View Source Babel.Trace (Babel v1.0.1)

Represents the evaluation of a Babel.Applicable. Contains the evaluated applicable, the input data, the output result, and any traces of nested Babel.Applicables.

Implements Inspect to render a human-readable version of the information.

To analyze a Babel.Trace - especially one with nested traces - find/2 will be your friend.

Summary

Functions

Recursively checks all nested traces (and this one) against a given spec (or function).

Returns the nested traces which caused the given trace to fail.

Types

@type t() :: t(any(), any())
@type t(output) :: t(any(), output)
@type t(input, output) :: %Babel.Trace{
  babel: Babel.t(input, output),
  input: Babel.data(),
  nested: [t()],
  output: Babel.Step.result(output)
}

Functions

@spec error?(t()) :: boolean()
@spec find(t(), function :: (t() -> boolean())) :: [t()]
@spec find(t(), spec_or_path :: spec | [spec, ...]) :: [t()]
when spec: Babel.t() | Babel.name() | (builtin_name :: atom())

Recursively checks all nested traces (and this one) against a given spec (or function).

Useful for debugging purposes.

Specs

In addition to being able to pass a function find/2 supports some convenient shortcuts:

  • name of a builtin step (e.g. :fetch or :map, see below for a full list)
  • the actual step (e.g. Babel.fetch(["fetched", "path"]))
  • a list of all of the above (incl. functions) to recursively find matching traces (e.g. [:map, :into, :fetch] to find all fetch traces inside of Babel.map(Babel.into(...)))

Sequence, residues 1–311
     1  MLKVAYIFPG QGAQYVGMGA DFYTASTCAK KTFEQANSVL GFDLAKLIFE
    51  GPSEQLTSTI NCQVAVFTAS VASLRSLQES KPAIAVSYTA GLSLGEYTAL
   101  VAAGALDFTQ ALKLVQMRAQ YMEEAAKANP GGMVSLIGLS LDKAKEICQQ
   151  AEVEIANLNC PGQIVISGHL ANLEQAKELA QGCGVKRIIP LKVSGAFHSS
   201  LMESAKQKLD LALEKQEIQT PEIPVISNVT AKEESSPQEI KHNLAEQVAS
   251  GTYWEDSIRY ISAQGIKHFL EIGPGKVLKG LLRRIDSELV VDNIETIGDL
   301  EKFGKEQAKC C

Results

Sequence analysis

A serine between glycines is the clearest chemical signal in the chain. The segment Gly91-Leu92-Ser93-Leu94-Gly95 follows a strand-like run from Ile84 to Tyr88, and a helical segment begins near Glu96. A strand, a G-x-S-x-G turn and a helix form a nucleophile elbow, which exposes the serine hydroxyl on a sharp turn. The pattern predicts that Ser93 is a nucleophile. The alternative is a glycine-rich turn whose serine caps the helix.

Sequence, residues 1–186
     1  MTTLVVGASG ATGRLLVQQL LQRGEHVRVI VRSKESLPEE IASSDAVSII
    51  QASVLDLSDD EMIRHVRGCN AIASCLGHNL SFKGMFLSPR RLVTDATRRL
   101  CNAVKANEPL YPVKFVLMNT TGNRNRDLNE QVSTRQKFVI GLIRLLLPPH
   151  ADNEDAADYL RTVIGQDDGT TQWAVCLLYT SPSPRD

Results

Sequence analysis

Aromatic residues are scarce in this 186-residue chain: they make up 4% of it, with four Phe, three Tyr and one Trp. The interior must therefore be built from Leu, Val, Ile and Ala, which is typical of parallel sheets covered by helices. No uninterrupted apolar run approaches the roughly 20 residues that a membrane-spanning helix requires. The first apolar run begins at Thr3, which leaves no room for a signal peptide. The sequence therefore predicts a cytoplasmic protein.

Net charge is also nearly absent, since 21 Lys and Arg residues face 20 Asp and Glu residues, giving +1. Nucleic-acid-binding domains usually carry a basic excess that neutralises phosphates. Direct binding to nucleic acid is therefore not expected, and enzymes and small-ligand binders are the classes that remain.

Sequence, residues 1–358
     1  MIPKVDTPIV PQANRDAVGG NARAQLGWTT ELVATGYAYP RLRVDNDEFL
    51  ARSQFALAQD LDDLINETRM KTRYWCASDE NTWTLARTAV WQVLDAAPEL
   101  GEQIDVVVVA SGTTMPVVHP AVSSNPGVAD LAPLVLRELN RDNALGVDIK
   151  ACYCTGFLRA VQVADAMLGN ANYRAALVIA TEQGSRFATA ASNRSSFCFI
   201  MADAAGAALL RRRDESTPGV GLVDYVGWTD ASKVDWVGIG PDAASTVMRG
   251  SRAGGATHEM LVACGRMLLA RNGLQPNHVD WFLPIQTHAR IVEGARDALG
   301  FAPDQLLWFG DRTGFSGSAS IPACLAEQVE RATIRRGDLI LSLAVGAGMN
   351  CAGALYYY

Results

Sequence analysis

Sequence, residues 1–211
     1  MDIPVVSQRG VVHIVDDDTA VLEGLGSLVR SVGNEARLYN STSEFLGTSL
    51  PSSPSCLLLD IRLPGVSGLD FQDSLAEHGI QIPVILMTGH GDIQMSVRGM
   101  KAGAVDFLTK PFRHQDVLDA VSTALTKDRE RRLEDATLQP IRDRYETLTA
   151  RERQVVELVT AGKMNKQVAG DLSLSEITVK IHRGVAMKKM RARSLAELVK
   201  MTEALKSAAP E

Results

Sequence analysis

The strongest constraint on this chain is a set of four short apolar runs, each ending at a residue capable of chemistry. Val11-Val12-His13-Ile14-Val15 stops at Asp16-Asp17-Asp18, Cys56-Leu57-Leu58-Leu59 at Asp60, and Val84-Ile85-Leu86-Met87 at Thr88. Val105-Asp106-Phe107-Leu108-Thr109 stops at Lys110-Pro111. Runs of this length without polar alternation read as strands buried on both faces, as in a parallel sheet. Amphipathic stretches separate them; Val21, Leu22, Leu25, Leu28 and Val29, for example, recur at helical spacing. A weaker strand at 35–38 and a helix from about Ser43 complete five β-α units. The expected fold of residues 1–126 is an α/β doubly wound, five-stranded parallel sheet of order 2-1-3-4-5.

All builtin step names:

  • :call
  • :cast
  • :const
  • :fail
  • :fetch
  • :flat_map
  • :get
  • :identity
  • :into
  • :map
  • :match
  • :root
  • :then
  • :try

Examples

iex> pipeline = Babel.fetch("list") |> Babel.map(Babel.into(%{some_key: Babel.fetch("some key")}))
iex> data = %{"list" => [%{"some key" => "value1"}, %{"some key" => "value2"}]}
iex> trace = Babel.trace(pipeline, data)
iex> Babel.Trace.find(trace, &Babel.Trace.error?/1)
[]
iex> Babel.Trace.find(trace, :fetch)
[
  Babel.trace(Babel.fetch("list"), data),
  Babel.trace(Babel.fetch("some key"), %{"some key" => "value1"}),
  Babel.trace(Babel.fetch("some key"), %{"some key" => "value2"}),
]
iex> Babel.Trace.find(trace, Babel.fetch("list"))
[
  Babel.trace(Babel.fetch("list"), data)
]
iex> Babel.Trace.find(trace, [:into, :fetch])
[
  Babel.trace(Babel.fetch("some key"), %{"some key" => "value1"}),
  Babel.trace(Babel.fetch("some key"), %{"some key" => "value2"}),
]
Link to this function

matches_spec?(babel, spec)

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Link to this function

new(babel, input, output, nested \\ [])

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@spec new(
  babel :: Babel.t(input, output),
  input :: input | Babel.Context.t(input),
  output :: Babel.Step.result(output),
  nested :: [t()]
) :: t(input, output)
when input: any(), output: any()
@spec ok?(t()) :: boolean()
@spec result(t()) :: {:ok, value :: any()} | {:error, reason :: any()}
@spec root_causes(t()) :: [t()]

Returns the nested traces which caused the given trace to fail.

To be specific it recursively checks all nested traces and collects all error traces which have no nested traces themselves, assuming that this implies that they were the root cause of the failure.